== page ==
Decision-Making and Marriage

Oh, decisions. Funny things, those. We make decisions every day - left or right, pass this car or not, coffee or tea (well, if you're me). But I don't think many of us think of these as true decisions. The Big Decisions are the ones we stop and think about, often for a long time, debating the pros and cons if you're a researcher, or just going with your gut after a brief period of thought. That gut decision? Is the one I made about my now-fiance, a good seven years ago. And then the debating decision? Is the one I made about marrying him - a year ago.

But it's not how it sounds, no. When I met A I knew there was something different about him. He was quiet and reserved, but kind. I've said it many times, but I knew I liked him when I found that I was unable to look directly at his face while talking to him. I knew I loved him when he respected my boundaries. And seven years ago, I knew that one day I wanted to marry him - a snap decision made one night when he kissed my bloated, recovering-from-anorexia belly and talked about how one day he could see kissing my belly when there was a baby of ours. That decision was reaffirmed not three hours later that night, when I woke up in excruciating pain from an ear infection and he remained calm as I panicked and whined about my ear being repeatedly stabbed from the inside.

The decision that I wanted to marry him one day was one that may have seemed light, but wasn't. We spent our first six months together an hour apart, seeing each other only on the weekends, and a few times for dinner during the week. Long phone conversations and chats on AIM (remember AIM?) were how we kept in touch, and it was work - not hard work, but work - to maintain that relationship. One that both of us didn't think would last because of the distance, but surprised us by growing in intensity. Our relationship was work when we moved in together a year after starting to date, a mere three hours away from our families. It was work when we decided, upon moving into our second apartment, to paint the whole thing before moving in (and the yellow paint took a week to come out of my hair).

But our decision to stay together, for the long run, wasn't hard work, it was and is fun work. Yes, we have our hard times, our arguments, our conversations that last long after we both should be sleeping, but always, we are enjoying our time together. A year ago in February, a friend of ours got engaged, and I realized my biological clock was screaming at me. I wanted a baby - not right away, but in the near future. I wanted to be married before I had a baby. A month to the day after she announced her engagement, we announced ours, after being secretly engaged for a week. Neither one of us proposed, and random number generator was involved for a while as we worked to set a wedding date that made sense to the both of us.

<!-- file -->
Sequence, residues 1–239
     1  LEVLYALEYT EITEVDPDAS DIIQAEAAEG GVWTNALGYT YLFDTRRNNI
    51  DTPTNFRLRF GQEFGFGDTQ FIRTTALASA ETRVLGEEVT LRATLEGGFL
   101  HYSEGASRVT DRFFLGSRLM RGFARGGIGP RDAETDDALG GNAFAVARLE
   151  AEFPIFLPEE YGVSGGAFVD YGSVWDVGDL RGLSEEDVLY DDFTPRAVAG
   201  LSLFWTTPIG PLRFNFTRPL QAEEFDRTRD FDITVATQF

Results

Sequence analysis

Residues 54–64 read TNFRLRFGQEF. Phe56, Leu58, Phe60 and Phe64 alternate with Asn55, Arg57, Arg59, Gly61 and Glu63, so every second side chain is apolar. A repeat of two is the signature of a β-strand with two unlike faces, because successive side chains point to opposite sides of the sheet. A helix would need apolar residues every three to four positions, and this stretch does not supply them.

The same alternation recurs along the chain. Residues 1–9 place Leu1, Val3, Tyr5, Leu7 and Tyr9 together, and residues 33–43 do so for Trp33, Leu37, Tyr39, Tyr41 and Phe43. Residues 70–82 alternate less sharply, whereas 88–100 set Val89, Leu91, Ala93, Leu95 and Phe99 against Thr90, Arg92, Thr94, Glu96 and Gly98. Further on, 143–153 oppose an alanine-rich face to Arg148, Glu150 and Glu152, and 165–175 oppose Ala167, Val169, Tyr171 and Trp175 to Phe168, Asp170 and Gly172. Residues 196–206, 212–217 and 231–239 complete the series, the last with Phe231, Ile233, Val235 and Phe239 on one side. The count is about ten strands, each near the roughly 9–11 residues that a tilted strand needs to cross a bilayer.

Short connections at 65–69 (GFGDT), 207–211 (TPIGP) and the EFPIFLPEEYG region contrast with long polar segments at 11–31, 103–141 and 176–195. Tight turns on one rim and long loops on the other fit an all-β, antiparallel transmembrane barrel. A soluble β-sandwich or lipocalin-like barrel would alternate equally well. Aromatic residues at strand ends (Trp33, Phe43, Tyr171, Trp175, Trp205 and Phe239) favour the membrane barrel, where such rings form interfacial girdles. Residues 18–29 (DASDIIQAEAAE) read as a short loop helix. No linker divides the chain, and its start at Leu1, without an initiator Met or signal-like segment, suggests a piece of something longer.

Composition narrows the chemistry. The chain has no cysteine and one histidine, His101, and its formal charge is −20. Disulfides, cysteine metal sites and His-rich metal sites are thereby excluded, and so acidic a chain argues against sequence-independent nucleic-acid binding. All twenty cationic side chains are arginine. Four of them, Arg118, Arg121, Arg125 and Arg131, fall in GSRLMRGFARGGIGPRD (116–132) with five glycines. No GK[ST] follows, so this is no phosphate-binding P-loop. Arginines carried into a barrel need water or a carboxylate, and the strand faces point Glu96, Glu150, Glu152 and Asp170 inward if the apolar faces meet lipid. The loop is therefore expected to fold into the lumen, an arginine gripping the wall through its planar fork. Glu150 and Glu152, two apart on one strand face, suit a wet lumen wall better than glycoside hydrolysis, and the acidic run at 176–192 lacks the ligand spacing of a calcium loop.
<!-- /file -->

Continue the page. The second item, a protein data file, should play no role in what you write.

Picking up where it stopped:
Months after we got engaged, as we were debating about a (second) venue, I asked A when he realized he wanted to marry me. I told him I knew on that night, but I really knew after we'd lived together a year and been together two. He told me he knew after we'd been together three years and lived together for two years. We decided just a few months shy of our sixth anniversary to get engaged - our pre-engaged period was a long one. At one point in time his mother introduced us as "A and his wife..." and we all laughed at the slip, but most of our friends already considerd us married, even though we didn't have the paperwork to state that we were legally.

Our decision to get married this year, having our wedding four days after our seventh anniversary, was a mutual one. It was one of the biggest decisions we have made together, second only to buying our house at the end of 2011. Now, three months out from our wedding, we are both giddy with excitement at what is going to come after our decision is finalized, the paperwork signed, and when we are legally joined together as one in marriage. This decision is one that will result in several changes, all of which require other decisions to be made, such as changing my last name. It's also a very final decision, at least to me - one without limbo, but with challenges in the years to come. As with many decisions, that is something that I am okay with - because this is a decision I am willing, ready, and able to work for.